The Relationship Between Different Patterns of Physical Activity and Cognitive Function in Older Adults (77070)

Session Information: Aging and Gerontology
Session Chair: Derick Kwizera

Wednesday, 27 March 2024 14:35
Session: Session 4
Room: Room 603
Presentation Type: Oral Presentation

All presentation times are UTC + 9 (Asia/Tokyo)

Aims: Physical activity (PA) may be an accessible way to protect cognitive function, but which PA patterns take effect is unclear. We sought to explore the association between PA patterns and cognitive function in specific groups. Methods: This cross-sectional study used the data from the 2018 survey of China Health and Retirement Longitudinal Study. Cognitive function was assessed by Mini-Mental State Examination. Multivariable linear models were conducted to examine the associations of self-reported frequency and duration in different PA intensities with cognitive function. Subgroup analyses were performed by age and sex. Results: A total of 5402 respondents aged ≥60 were included. Compared with no PA, 4-7 days/week on moderate PA (MPA) (β=0.31, 95% CI: 0.09, 0.53) and light PA (LPA) (β=0.32, 95% CI: 0.04, 0.60) showed better global cognition, while it reversed on vigorous PA (VPA) (β=-0.51, 95% CI: -0.77, -0.25). With <0.5 hours/each time as reference, 0.5-4 hours/each time on MPA and LPA showed better global cognition, while ≥4 hours/each time on VPA (β=-0.63, 95% CI: -0.94, -0.33) and LPA (β=-0.43, 95% CI: -0.79, -0.07) showed worse global cognition. Similar results were found in most cognitive domains and respondents aged 60-75. Compared with men, trends above were more pronounced among women. Conclusions: Excessive PA is negatively associated with cognitive function. Only with more frequency, appropriate duration and intensity, there is a positive associated with better cognitive performance.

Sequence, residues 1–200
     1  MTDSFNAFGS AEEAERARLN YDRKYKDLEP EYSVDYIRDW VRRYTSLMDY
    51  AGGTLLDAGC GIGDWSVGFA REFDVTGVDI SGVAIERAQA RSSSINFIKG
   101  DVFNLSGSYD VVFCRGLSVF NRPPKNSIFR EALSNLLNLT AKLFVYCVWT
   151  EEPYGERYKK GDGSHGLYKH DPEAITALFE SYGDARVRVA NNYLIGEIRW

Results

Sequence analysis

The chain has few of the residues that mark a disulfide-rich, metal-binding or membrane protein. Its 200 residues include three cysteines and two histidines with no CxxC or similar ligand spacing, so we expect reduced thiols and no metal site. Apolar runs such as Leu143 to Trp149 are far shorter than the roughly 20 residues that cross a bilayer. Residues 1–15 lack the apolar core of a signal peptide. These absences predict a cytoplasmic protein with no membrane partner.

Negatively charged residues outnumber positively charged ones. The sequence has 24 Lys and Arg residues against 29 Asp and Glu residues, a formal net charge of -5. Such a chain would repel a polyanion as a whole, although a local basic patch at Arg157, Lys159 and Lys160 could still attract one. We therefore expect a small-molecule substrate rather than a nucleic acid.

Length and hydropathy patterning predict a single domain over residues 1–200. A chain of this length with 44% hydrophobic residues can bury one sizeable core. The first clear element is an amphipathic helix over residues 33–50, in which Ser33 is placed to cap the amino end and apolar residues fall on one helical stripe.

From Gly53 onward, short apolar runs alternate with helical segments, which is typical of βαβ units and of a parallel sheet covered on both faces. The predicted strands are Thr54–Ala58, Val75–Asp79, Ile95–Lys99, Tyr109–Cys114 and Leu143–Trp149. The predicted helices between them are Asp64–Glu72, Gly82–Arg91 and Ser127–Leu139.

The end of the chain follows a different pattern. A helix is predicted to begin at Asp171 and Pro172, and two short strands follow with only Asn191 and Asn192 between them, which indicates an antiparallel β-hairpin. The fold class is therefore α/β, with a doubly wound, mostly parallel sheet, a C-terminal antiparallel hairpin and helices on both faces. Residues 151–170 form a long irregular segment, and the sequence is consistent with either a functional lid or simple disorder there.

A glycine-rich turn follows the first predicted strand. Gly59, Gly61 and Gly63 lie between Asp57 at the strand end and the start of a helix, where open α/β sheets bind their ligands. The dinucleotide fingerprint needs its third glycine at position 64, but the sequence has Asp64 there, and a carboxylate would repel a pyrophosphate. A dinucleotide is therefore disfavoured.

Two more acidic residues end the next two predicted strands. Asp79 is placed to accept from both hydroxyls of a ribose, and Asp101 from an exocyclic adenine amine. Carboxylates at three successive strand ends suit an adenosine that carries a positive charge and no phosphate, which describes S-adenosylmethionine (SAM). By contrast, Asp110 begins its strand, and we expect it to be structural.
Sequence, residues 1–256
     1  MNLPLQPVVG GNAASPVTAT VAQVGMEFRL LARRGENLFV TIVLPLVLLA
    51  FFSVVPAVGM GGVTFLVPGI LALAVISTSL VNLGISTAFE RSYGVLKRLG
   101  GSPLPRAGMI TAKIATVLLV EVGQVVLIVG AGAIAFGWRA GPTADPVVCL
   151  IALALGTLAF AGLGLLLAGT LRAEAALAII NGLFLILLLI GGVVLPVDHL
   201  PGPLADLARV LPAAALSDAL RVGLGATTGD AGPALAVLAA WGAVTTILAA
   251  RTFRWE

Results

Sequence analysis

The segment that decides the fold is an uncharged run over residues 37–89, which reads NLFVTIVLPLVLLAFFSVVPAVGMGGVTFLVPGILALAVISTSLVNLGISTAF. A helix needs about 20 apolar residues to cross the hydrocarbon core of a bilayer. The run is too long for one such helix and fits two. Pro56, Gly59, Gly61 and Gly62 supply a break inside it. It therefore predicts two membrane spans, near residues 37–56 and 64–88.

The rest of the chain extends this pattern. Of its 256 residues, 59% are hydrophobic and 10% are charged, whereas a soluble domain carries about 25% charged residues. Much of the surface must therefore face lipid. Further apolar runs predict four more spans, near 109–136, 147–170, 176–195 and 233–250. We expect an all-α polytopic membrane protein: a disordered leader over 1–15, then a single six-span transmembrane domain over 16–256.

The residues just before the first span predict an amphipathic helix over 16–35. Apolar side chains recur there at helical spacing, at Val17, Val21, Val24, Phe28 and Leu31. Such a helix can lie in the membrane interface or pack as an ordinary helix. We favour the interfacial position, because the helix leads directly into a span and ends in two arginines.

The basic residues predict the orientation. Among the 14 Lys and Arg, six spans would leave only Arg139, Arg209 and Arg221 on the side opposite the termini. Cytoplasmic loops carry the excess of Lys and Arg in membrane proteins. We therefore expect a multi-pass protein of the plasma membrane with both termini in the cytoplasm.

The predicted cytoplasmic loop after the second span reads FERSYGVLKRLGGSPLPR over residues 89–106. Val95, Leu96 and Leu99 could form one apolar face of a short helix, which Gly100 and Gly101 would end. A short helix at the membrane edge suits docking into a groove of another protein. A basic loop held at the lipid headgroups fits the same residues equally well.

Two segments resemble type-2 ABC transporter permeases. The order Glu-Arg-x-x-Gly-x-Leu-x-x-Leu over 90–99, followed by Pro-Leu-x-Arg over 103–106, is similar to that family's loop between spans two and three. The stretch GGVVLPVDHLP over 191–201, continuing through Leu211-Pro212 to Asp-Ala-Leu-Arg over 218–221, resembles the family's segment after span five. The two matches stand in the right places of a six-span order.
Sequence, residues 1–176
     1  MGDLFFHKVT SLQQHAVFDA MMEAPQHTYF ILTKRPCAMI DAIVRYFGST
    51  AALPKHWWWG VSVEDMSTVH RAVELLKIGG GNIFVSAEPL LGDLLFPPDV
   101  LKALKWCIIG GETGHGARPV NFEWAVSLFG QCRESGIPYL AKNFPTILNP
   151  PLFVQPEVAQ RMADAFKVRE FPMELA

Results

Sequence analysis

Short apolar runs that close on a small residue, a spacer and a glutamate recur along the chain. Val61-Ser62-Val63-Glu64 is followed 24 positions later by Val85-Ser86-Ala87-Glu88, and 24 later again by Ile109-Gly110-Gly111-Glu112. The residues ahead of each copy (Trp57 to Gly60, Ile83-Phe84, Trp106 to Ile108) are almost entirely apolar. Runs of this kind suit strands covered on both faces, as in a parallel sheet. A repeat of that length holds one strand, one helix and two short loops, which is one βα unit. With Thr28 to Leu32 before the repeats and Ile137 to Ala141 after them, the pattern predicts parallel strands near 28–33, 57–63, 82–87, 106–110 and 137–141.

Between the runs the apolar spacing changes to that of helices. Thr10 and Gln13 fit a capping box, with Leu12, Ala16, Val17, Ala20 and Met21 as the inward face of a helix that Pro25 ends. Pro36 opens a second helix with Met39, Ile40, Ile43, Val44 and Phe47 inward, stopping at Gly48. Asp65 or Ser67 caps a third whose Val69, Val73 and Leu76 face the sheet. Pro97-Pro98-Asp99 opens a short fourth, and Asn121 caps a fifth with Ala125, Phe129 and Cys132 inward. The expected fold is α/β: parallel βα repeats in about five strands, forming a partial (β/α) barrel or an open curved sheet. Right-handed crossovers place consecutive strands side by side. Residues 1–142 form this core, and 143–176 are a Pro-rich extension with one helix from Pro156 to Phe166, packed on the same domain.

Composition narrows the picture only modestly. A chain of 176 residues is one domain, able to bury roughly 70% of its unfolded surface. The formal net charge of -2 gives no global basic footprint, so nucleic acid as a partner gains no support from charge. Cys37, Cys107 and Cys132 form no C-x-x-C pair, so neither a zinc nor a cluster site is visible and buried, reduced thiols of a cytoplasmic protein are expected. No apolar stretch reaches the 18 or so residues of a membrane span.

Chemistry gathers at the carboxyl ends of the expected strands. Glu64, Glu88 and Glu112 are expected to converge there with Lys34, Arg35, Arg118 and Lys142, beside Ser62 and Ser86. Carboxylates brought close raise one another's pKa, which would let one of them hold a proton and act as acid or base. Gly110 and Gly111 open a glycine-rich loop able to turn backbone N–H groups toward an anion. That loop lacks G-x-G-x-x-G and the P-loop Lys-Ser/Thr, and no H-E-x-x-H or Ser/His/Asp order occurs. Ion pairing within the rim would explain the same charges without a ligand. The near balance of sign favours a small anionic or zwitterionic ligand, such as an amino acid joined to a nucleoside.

Wenhang Zuo, Sichuan University, China
Jin Peng, Sichuan University, China
Jinhui Wu, Sichuan University, China

About the Presenter(s)
Wenghang Zuo is a doctoral candidate in National Clinical Research Center for Geriatrics, Department of Gerontology and Geriatrics, West China Hospital, Sichuan University, Chengdu, People's Republic of China.

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Posted by Clive Staples Lewis

Last updated: 2023-02-23 23:45:00